6. IanB

    Eboshi Kabuto

    Uwe, If my memory is correct, the signed momonari kabuto was by Myochin Munechika. Ian B.
  7. IanB

    Eboshi Kabuto

    It looks to be a nice enough example of its type, however it looks as if the fukigayeshi have been broken off and the lacquer of the shikoro is in a bad state and will continue to drop off unless you can stabilise it. Piers, I very much doubt it will be signed. I have only ever seen one helmet that was similar (in fact a momonari kabuto) with a signature. Ian Bottomley
  8. Geraint, I too remember another where the flute was a dark bronze and the dragon in silver but who had it I cannot remember. It was a very long while ago that is for sure. These items are undoubtedly fantastic metalwork, but designed as a novelty to appeal to the Western market. Ian Bottomley
  9. Uwe, I have seen this extra plate idea once before. It was used when the owner of the armour became too fat for it to fit properly. I have also seen a dou where the original hinge had been replaced by a very wide one for the same reason. It happens to most of us as we get older. John, No worries, I have made enough mistake - in fact I knew that a sugake laced ni mai dou had a particular name but I couldn't for the life of me think what it was. In the end I looked it up in H. Russell-Robinson's book on Oriental Armour - nuinobe dou - of course it is. I'm getting senile. Ian Bottomley
  10. Adam, Well done in being seduced to the Dark Side by acquiring some armour. What you have bought is a nuinobe dou, that is a form of two section dou laced in the sugake style - that is the plates are theoretically held together with paired lacings [a mogami dou is also laced in sugake but is in five sections with four small individual hinges on each horizontal row of plates]. I say theoretically because in reality the plates are really held together with leather thongs hidden under the lacing. The parts under the arms that are flopping loose would be held by similar ties. You have some lacquer problems, and it would not be a bad plan to consolidate any loose flakes of lacquer that are still in position with an adhesive. As an ex museum curator I am supposed to say the adhesive should be reversible, but since you wont want to reverse it, superglue will be fine - just work a drop under the edge of each loose flake and press it back into place until it hardens - any excess that gets in the wrong place can be removed with acetone. Ian Bottomley
  11. Bruce, I saw that kamon on a helmet in Turino, Italy, that had been given to the Duke of Savoy by the Japanese mission. It isn't listed in Iemon no Jiten by Seishi, so the family mayhave died out. Ian Bottomley
  12. Well done a great dou of the type used by Zesai - it goes with your helmet and mask. Ian Bottomley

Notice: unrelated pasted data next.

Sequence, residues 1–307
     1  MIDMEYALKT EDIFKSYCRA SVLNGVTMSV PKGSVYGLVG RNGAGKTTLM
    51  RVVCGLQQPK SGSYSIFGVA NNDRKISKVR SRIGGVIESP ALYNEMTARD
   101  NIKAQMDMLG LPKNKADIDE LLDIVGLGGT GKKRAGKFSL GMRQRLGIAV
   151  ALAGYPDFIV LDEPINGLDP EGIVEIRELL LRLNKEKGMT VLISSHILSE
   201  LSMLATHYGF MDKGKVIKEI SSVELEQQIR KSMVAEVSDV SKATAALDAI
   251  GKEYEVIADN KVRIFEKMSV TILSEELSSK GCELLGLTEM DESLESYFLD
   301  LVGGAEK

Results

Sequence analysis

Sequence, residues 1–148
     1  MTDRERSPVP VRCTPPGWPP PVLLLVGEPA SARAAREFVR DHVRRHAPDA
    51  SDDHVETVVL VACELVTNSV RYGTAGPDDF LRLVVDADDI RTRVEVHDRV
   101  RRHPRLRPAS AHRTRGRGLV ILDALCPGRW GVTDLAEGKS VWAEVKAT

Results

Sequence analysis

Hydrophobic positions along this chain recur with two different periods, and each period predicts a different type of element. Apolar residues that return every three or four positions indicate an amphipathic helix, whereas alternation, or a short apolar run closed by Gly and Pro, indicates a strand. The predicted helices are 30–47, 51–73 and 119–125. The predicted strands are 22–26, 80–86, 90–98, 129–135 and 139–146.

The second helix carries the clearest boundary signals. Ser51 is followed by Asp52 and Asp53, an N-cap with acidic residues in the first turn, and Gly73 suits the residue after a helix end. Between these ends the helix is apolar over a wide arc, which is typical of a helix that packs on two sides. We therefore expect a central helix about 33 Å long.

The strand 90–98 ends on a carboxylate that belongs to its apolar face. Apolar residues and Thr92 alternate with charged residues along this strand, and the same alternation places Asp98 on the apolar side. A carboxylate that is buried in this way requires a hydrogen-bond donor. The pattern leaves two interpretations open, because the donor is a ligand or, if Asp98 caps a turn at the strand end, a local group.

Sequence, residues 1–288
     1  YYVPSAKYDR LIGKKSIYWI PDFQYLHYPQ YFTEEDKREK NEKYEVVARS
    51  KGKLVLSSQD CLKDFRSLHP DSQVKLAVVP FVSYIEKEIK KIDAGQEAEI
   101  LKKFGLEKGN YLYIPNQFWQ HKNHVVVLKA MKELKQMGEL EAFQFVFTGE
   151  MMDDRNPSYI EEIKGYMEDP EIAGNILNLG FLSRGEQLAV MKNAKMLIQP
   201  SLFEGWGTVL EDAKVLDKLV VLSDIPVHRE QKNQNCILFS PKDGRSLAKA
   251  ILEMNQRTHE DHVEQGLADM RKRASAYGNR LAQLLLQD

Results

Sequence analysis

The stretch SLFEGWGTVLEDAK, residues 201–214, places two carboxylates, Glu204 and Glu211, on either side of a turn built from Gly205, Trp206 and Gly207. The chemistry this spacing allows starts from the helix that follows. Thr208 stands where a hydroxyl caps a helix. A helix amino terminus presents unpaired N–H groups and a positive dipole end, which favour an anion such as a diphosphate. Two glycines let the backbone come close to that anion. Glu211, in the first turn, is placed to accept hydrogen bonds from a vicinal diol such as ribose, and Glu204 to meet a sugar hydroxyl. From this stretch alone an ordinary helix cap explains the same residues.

13. 'Snowflake' , The arrogance displayed in you letter beggars belief. Firstly you appear not to have the courage to identify yourself, hiding behind a pseudonym, and then proceed to dictate what somebody should buy and collect and finally denigrate a group of people who happen to meet to exchange their views and knowledge. By all means give someone the benefit of what I assume is your encyclopedic knowledge of swords if they ask for your advice, otherwise it is non of your business what someone chooses to spend their money on. You might note that this forum, and the ToKen Society of GB is dedicated to the study and preservation of Japanese swords, a term that embraces everything from the finest blades to the simplest tsuba. You say you can see great swords in museums and that is true if you have the time, money and opportunity to visit those museums. And even when you do, will the museum allow you to handle and examine the swords in sufficient detail or must you be content to limit what information you can glean by peering through the glass at those aspects of a sword that are visible? I am fortunate enough to have handled Kamakura armour and some of the treasures owned by Tokugawa Ieyasu, including his personal collection of blades, all of which sadly were damaged in a fire, but I have probably learned far more by sitting quietly in my study gazing at blades I have acquired without the unwanted advice of someone else. Ian Bottomley
  14. Robert, What you have is a russet lacquered suji kabuto of goshozan shape (higher at the back). I'm not sure how many plates it is made from since the apparent number is modelled with lacquer. On the wide front plate are two gilded shinodare, with one on each side (and probably on the back plate as well, but I cannot see). It is fitted for wakidate or side crests and on the front is a haraidate. Spaced around the bowl are the waisted four standing rivets, shiten no byo over gilded eyelets. It is fitted with an hineno style shikoro , lacquered to look like large scales, iyozane, and had very high quality gilded fukurin around the peak and fukigayeshi. As for age, the gilded fukurin are Edo period, so it has been re-furbished so it is difficult to say when the original bowl was made. Ian Bottomley
  15. Piers, The only armour makers (as far as I know) who didn't use the top - down arrangement were the Bamen who signed horizontally just above the koshimaki. I tend to agree that the mei once adorned a helmet that was broken up and the bits used to make the tsuba. The fact that each plate retains a suji suggests this as does the hole above the cho kanji that woulf have been for the agemaki no kan on the backplate. Ian Bottomley.